Category Archives: Interphases series

Portrait of a Character – Ethan Shapiro

Portrait of a Character – Ethan Shapiro

Ethan grew out of, in part, a desire to show Jewish crew members on the NX-01, but along the way, he became a lot more. I really like this Star Trek: Enterprise fanfiction character.

Origins

For The Light, I wanted a character who was facing a circumstance where he would need a minyan. That is, a quorum of Jews for the express purpose of prayers. Having to say Kaddish, due to a death in the family, was the ideal scenario. Ethan was created to be the bereaved crew member.

Portrayal

Portrait of a Character – Ethan Shapiro
Jesse Eisenberg

As is true with a lot of the more ethnically obvious characters, I wanted an actor who would also be a member of that ethnic group. Therefore, I chose Jesse Eisenberg. Ethan isn’t meant to be the greatest-looking guy ever. He isn’t meant to be nebbishy either. This is not Woody Allen on the NX-01. Rather, the idea was to have someone who is not only convincingly Jewish but also is someone who, to be loved, maybe the girl needs to go beyond looks and see what’s really inside.

Personality

A little self-effacing, but extremely loyal to his friends, Ethan even defers to Andy Miller when, during The Light, Andrew comments that he’s going to ask out the only Jewish woman on the ship, Karin Bernstein. However, in Waiting, it’s revealed that Ethan is kicking himself for having done that, for he wants Karin.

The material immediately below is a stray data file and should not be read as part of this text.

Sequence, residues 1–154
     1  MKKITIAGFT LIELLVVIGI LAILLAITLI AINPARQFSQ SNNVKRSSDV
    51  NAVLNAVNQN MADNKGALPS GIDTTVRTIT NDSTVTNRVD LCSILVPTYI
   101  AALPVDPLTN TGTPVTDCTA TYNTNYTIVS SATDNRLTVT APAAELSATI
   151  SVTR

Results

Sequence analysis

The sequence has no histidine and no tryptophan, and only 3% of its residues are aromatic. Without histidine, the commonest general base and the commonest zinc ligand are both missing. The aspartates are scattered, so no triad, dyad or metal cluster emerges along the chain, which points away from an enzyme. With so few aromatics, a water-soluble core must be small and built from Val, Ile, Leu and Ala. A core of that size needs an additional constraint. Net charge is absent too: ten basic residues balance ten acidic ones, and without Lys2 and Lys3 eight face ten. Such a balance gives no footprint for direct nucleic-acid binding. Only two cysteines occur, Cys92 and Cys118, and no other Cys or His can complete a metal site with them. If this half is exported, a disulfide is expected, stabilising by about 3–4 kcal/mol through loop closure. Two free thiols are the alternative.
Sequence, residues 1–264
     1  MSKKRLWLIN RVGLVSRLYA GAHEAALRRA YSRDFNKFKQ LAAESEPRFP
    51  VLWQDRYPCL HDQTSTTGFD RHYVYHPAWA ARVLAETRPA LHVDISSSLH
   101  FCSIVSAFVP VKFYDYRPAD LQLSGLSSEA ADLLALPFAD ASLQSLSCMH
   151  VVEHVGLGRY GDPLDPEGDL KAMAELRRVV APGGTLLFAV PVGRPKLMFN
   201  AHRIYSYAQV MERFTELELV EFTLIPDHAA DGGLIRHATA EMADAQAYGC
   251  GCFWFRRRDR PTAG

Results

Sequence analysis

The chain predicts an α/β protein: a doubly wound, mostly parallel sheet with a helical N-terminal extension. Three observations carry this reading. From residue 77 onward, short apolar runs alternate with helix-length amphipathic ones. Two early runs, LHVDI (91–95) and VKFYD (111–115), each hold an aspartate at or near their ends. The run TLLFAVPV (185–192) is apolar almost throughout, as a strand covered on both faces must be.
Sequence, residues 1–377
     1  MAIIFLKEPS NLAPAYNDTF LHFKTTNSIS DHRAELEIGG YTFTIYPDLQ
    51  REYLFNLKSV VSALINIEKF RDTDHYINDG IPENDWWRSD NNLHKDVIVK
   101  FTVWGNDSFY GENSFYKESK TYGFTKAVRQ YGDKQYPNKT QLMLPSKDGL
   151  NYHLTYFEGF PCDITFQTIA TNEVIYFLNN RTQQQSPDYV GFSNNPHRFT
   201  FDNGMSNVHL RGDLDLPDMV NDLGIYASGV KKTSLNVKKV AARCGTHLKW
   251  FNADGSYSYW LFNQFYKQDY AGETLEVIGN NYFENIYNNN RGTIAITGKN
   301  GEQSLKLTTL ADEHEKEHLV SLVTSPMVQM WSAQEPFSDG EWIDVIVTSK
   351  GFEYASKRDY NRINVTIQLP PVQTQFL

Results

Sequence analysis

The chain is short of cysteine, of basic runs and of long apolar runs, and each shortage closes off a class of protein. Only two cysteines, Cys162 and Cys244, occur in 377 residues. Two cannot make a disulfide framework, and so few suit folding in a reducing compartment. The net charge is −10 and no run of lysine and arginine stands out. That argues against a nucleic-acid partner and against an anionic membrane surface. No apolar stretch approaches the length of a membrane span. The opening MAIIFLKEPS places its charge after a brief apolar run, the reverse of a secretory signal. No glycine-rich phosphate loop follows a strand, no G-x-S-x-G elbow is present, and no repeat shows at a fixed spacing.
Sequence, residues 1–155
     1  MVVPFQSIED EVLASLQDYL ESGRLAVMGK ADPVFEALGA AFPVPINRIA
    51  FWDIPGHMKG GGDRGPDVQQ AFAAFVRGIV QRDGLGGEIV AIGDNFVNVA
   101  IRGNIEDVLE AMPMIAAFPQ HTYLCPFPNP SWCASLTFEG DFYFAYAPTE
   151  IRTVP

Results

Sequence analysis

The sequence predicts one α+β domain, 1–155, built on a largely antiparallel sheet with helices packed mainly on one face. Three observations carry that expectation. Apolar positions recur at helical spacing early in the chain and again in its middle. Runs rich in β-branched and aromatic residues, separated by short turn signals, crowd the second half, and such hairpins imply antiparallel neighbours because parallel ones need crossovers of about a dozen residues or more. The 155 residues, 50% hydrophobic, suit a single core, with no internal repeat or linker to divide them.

In the E2 stories I am writing as of the posting of this blog entry, Ethan is even more lovesick and upset.

Mirror Universe

Ethan doesn’t, truly, have a mirror universe counterpart. In Fortune, it’s revealed that his parents’ counterparts delayed relations for a night, and, instead, Erin Shapiro was conceived. However, there is an earlier Ethan, an older relative, who is likely the person who Erin was named for. Doug reveals to Lili, in Reversal, that that is the name of the second man he’s killed. Furthermore, it is our universe’s Ethan who brings forth this confession from Doug.

Relationships

Ethan’s relationship with Karin drives some of his behind the scenes activities in Reversal and then in Fortune. In the E2 stories, things go differently for Ethan, and he attempts suicide when he cannot have Karin. When he recovers, in the first kick back, he weds an Ikaaran woman named Bithara; in the second kick back, his Ikaaran bride is named Timinka.